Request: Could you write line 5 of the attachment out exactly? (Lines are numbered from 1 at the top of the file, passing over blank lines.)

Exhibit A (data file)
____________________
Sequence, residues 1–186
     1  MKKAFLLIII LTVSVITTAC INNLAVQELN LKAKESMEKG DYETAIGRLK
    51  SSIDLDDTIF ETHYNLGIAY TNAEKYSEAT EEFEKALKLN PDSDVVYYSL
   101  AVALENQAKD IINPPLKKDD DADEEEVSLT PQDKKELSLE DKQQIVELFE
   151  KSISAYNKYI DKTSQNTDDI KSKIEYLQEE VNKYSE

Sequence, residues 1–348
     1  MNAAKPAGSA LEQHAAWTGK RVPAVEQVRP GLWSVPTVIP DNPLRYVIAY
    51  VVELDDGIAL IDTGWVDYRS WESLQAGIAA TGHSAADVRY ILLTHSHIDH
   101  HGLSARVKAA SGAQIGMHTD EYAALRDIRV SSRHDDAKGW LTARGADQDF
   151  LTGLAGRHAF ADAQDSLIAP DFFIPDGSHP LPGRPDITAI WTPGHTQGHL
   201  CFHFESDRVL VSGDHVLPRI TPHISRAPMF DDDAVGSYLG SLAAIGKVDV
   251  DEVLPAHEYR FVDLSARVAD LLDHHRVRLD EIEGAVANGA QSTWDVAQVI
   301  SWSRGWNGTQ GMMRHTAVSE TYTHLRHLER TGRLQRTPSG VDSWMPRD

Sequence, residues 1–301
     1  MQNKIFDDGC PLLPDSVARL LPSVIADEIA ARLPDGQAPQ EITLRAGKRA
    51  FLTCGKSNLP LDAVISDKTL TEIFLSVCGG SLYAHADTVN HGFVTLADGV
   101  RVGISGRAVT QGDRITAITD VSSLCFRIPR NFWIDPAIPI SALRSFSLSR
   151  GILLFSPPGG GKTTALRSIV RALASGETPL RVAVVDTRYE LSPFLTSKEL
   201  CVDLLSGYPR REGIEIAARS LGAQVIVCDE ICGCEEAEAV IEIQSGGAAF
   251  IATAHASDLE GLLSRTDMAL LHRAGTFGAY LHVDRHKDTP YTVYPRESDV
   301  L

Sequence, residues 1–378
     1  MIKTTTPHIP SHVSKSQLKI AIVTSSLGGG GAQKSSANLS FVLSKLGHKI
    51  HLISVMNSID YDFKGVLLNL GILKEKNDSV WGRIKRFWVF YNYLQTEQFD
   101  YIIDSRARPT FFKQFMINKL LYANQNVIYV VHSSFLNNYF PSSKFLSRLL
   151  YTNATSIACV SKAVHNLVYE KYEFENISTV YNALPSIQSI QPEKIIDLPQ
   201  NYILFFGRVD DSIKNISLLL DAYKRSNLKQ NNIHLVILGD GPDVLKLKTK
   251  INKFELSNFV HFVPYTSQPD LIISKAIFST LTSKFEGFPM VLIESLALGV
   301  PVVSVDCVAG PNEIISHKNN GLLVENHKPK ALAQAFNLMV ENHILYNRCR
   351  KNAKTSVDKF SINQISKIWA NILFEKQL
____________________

   151  KSISAYNKYI DKTSQNTDDI KSKIEYLQEE VNKYSE